"Do not leave me. I beg you. Do not go where I cannot follow. Please."
But the pleadings went on deaf ears, for those ears were numb to the world of the living.
A calloused hand gently fingered golden curls atop the head of the young hobbit, lying unconscious in the too large bed, pale and deathly still.
"Please my flower. Please return. I cannot see another sunrise without you with me. Please, please come back. I beg you."
The sobs of a broken man filled the still chamber, echoing down the hall.
Lyla Baggins was a very respectable hobbit lass, thank you very much. Or at least that's what she pretended to be. Many years before, said Baggins was wild, unruly and Tookish to a fault. She loved to explore the woods, chasing fireflies and hoping to catch glimpses of the ethereal Elves that roamed the kindly West. It was no concern of hers if mud smattered her frocks or twigs entwined themselves in her hair (though her father often cringed when he took in the sight of her). She had no time to look prim and proper and play the part of a lady! She needed to experience the world. She needed freedom and excitement.
'It was a pity' the gossips murmured to one another whenever little Lyla traipsed by, looking feral and unkempt. 'Poor Bungo must have felt so ashamed of such a daughter!' But who could blame her really? Her mother was the infamous, adventurous Belladonna Took. And such unruliness was bound to pass on to their children. Thankfully, they all agreed, Bungo had Bilbo to keep up appearances. Lyla's twin brother was nothing like his sister, save in appearance. Every bit the respectable hobbit, Bilbo preferred calm solitude reading a good book or gardening with his father. He enjoyed a good meal and the calm of the front porch. He had no desire to travel beyond his front door if he could help it and could often spend an entire day without leaving his family smial.
Of course, Lyla thought this was a horrible way to live and often teased her brother for his sensitivities.'Come now! What good is sitting at home, when there's so much out there to see!' she exclaimed to him time and time again.
'I'm quite content where I am thank you!' Bilbo almost always replied, usually curled up in a chair with a book in hand, 'You'd do well to appreciate the comforts of home.'
'And you'd do better to learn to live a little!' Lyla would reply heatedly, 'I wish I had a brother who acted like my brother and not my father lecturing me so!' and nearly every time, she'd storm away towards the woodlands that called to her, leaving her brother to his own comforts.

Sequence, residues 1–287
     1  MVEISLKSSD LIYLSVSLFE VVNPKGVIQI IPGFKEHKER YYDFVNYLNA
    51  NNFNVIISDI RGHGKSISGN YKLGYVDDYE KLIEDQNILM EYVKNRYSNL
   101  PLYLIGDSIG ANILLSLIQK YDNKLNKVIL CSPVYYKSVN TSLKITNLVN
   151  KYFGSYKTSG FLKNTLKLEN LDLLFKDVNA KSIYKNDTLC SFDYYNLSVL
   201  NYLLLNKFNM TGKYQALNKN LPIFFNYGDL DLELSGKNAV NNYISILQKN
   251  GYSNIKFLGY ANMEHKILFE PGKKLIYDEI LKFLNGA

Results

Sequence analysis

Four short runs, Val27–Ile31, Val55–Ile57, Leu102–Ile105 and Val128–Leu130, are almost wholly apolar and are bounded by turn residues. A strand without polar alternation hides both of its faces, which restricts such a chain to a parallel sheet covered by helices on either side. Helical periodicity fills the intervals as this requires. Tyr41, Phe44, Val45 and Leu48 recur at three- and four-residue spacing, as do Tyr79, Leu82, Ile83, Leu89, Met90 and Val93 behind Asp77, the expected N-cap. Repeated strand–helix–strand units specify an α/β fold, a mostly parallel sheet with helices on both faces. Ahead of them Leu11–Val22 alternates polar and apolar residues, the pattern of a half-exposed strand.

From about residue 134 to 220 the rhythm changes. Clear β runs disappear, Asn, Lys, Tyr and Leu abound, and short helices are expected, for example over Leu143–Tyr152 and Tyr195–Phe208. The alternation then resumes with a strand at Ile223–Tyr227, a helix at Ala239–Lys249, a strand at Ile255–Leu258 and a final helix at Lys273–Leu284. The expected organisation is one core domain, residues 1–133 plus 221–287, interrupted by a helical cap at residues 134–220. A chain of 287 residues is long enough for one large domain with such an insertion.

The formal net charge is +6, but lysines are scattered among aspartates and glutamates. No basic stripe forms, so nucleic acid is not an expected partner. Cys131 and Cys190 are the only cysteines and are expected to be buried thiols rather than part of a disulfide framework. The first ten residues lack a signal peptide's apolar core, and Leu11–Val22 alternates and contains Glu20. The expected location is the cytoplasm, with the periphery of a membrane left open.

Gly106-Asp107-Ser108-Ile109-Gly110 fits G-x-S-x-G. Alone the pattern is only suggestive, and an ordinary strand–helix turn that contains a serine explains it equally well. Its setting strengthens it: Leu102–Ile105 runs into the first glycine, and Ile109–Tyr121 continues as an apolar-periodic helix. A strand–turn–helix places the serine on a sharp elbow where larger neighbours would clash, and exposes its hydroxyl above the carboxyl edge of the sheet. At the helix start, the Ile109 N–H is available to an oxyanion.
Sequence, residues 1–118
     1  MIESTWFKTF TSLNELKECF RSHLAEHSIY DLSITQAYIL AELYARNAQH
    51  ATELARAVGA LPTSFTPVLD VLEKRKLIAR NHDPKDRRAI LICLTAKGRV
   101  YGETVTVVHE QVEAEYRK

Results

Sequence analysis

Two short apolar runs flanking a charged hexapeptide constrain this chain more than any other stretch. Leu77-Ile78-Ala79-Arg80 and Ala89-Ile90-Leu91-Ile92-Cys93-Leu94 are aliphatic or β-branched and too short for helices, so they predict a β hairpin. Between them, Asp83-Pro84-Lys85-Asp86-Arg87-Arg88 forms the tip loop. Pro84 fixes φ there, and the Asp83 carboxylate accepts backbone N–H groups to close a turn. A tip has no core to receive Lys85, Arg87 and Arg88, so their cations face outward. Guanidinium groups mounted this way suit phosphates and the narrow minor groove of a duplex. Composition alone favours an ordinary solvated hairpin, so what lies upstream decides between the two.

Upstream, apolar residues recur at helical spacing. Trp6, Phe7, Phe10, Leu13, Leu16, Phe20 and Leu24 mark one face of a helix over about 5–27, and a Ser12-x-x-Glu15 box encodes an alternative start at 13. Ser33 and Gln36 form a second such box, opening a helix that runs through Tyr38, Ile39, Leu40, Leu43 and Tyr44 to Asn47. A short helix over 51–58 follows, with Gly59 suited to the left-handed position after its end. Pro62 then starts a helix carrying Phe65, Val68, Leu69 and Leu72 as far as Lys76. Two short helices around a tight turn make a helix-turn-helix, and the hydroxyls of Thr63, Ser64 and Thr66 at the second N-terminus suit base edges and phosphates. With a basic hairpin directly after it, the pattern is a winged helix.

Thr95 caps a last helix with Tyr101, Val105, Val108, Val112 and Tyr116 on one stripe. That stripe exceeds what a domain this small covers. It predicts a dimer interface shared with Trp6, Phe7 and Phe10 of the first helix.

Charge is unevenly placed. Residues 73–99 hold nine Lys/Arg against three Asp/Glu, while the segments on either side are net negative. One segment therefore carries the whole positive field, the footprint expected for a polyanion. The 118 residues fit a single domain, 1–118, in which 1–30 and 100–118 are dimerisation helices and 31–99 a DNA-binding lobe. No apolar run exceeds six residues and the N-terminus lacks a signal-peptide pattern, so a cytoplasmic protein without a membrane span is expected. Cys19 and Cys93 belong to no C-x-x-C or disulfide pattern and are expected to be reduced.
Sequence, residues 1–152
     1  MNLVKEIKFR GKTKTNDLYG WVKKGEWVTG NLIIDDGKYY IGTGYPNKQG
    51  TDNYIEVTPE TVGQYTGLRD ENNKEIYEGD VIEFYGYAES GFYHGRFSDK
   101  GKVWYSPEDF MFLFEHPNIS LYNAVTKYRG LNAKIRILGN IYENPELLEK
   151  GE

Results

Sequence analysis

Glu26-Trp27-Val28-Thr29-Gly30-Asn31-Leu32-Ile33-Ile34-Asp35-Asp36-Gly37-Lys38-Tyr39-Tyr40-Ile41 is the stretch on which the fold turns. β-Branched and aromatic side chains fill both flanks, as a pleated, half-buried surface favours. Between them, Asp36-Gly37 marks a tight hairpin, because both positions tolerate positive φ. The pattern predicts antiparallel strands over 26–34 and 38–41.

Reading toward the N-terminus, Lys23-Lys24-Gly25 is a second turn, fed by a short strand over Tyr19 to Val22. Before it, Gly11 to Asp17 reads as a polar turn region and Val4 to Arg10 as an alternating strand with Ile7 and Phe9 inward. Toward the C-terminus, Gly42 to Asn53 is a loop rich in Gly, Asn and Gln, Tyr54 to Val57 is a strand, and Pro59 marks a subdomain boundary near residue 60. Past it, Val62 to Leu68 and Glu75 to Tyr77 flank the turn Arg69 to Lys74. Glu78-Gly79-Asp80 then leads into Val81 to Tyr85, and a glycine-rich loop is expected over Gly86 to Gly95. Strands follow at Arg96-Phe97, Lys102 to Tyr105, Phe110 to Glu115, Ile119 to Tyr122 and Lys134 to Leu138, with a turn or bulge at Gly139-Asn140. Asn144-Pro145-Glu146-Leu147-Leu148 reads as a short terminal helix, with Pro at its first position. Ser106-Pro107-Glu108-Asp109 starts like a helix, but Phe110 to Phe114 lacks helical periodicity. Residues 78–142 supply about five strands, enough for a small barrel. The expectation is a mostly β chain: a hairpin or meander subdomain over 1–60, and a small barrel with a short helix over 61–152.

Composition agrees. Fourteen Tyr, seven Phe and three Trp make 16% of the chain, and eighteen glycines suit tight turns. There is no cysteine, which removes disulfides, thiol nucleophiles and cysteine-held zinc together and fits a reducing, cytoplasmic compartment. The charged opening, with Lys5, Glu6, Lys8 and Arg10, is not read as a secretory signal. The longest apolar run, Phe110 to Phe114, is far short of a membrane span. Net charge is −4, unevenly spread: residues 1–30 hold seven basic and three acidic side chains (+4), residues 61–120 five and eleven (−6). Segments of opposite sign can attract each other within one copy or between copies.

So what changed? What prompted the most unruly hobbit child to tame her ways? What encouraged Lyla Baggins to represent the essence of respectability?
The Fell Winter.
In one fell swoop of bitter cold, famine and danger (with white wolves crossing into the Shire), Lyla lost the three most important things in her life. It began with her father. Poor Bungo was unprepared for such harsh conditions and his health deteriorated quite rapidly. Lyla and her mother and brother did all they could to keep his spirits aflame, but before the days signalled the middle of the winter season lit became horrifyingly apparent that Bungo was not destined to see another spring. This revelation took Belladonna to her own bed in grief, where she began to fade as rapidly as her husband. Almost overnight her once righ chestnut hair turned grey and deep lines rimmed her now dull eyes. Soon, she lost contact with the world around her and slipped into the shadows, never to awaken again. And much in the same way did Bilbo's diminished spirits impose upon his health, for he felt the death of his parents keenly. He too, slipped further from Lyla's grasp, wary of the outside world and convinced that life was no longer worth living.
There was nothing she could do to save them in the end. Each passed on quietly in the night, as if they sensed the pain their deaths would cause Lyla and in their own way attempted to ease the burden she would bear.
To their credit, the other hobbits took pity on poor wild daughter of Bungo Baggins. No one should see their family disappear like that. It was all rather tragic and they sent pitying stares towards the young lass as she walked numbly through town day after day following the loss of her parents and brother, avoiding her smial that was now so empty.
But Lyla wouldn't need their pity. No indeed she would not. In the weeks following the deaths of her parents and twin, something in Lyla locked itself away. No longer was she the wild rambunctious child. No longer would her fantasies rule her attitudes. She'd give her father the one thing he always wanted: a respectable daughter. She could do that one thing for him. She could uphold the respectability of the Baggins name.
She would do it for them.
And for many years it worked. The boys trousers went into the cupboard and instead, Lyla donned frilly dresses and ribbons. She tended the garden and entertained houseguests, and acted in every way the respectable hobbit her father hoped she'd be. Eventually she forgot what it was like to explore the unknown mysteries of the woods. She ignored the call for adventure that ran through her veins and pushed the longing for freedom aside. She was a Baggins of Bag end and that should be enough.
And it was. For a time. Being a Baggins was more than enough for Lyla.
Until Gandalf the Grey stood at her gate, a twinkle in his mischievous eyes that is. Lyla could only stare on in surprise at the wizard whom she hadn't seen in many years. Not since Old Took had his parties and the wizard brought those marvelous fireworks. What on earth could he be doing here?
"My dear Lyla," Gandalf said with a smile, "I'm looking for someone to share in an adventure."
Lyla's eyes widened at the prospect. "An-an adventure?"